The one piece of advice every adult in my life gave me as I prepared to graduate from college was, “Wear a watch, especially to job interviews.” That way, my potential employer could see I was a serious person, worthy of a paycheck. The cruel irony is, you need a nice paycheck to afford a fancy watch, and, as I quickly learned at my first postgrad internship with a business-formal dress code, a plastic digital watch is not often considered “nice,” even though it was all I could afford on my then-non-salary. That’s around the time I started looking for an affordable watch that looks expensive, a metal watch that costs negligibly more than a plastic one, but still looks like a thousand bucks (or at least a couple hundred). Eventually, I came across the Timex Easy Reader, which I still consider to be the best watch under $50.
The Timex Easy Reader tricks people into thinking it costs more than it does because it’s simply designed, yet still has all the features of a pricier timepiece. The watch face has minimal branding; large serif numbers that are easy to read, even in the dark, with the help of a pleasant turquoise backlight; and a built-in date dial. I prefer the version of this watch with the expansion band because it fits more like a bracelet, but doesn’t slip down my arm; the oversize fit is reliably stylish with both menswear-inspired looks and more feminine blouses.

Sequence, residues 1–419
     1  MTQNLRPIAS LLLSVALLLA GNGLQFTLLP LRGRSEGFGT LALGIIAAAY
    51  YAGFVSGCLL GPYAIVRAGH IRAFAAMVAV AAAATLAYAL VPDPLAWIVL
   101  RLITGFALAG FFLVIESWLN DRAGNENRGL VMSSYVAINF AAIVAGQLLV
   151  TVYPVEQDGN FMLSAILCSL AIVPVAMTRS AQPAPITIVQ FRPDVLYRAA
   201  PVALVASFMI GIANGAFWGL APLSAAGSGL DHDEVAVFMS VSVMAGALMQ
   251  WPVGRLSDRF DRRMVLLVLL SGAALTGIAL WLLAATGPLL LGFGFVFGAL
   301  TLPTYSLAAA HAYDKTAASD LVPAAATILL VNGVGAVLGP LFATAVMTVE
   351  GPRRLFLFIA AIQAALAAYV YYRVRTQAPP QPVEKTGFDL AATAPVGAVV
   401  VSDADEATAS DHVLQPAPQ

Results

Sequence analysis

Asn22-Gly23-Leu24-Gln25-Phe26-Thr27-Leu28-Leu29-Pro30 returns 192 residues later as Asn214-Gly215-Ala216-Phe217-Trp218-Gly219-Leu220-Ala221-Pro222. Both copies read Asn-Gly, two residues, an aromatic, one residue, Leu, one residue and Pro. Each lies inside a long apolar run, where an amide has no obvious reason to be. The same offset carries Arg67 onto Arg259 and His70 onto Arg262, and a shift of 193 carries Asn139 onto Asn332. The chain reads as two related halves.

These days, I’m gainfully employed with a salary, but I still prefer wearing this inexpensive watch because I don’t have to be precious with it. This watch is blissfully hard to scratch. In fact, back in the 1960s, Timex ran a series of so-called “torture tests” on an early version of the Easy Reader to prove it was able to withstand hard-core situations like cliff-diving in Acapulco, Mexico. (Spoiler: It did.)
Though I haven’t engaged in extreme sports with this watch, I have put it through the ringer. And despite high drops and semi-regular water exposure, the Timex Easy Reader still keeps time as well as when I first got it, without looking like I’ve owned it for years, which seems as solid of an investment to me as any fancy watch could be.
For something with a leather strap, the Daniel Wellington watch is a handsome option, as suggested by Kurt Soller: “The hands and tickers are neat, brass- or silver-colored, and placed against a clean white face that says little more than the company’s name in a small, Swedish-seeming font. That name — generic, vaguely patrician — can’t be identified the way a Michael Kors or Kenneth Cole can, which is, of course, the point. The watches look expensive (i.e. they look like nothing) even though they’re actually not.”
This item is no longer available, but this option is nearly identical.
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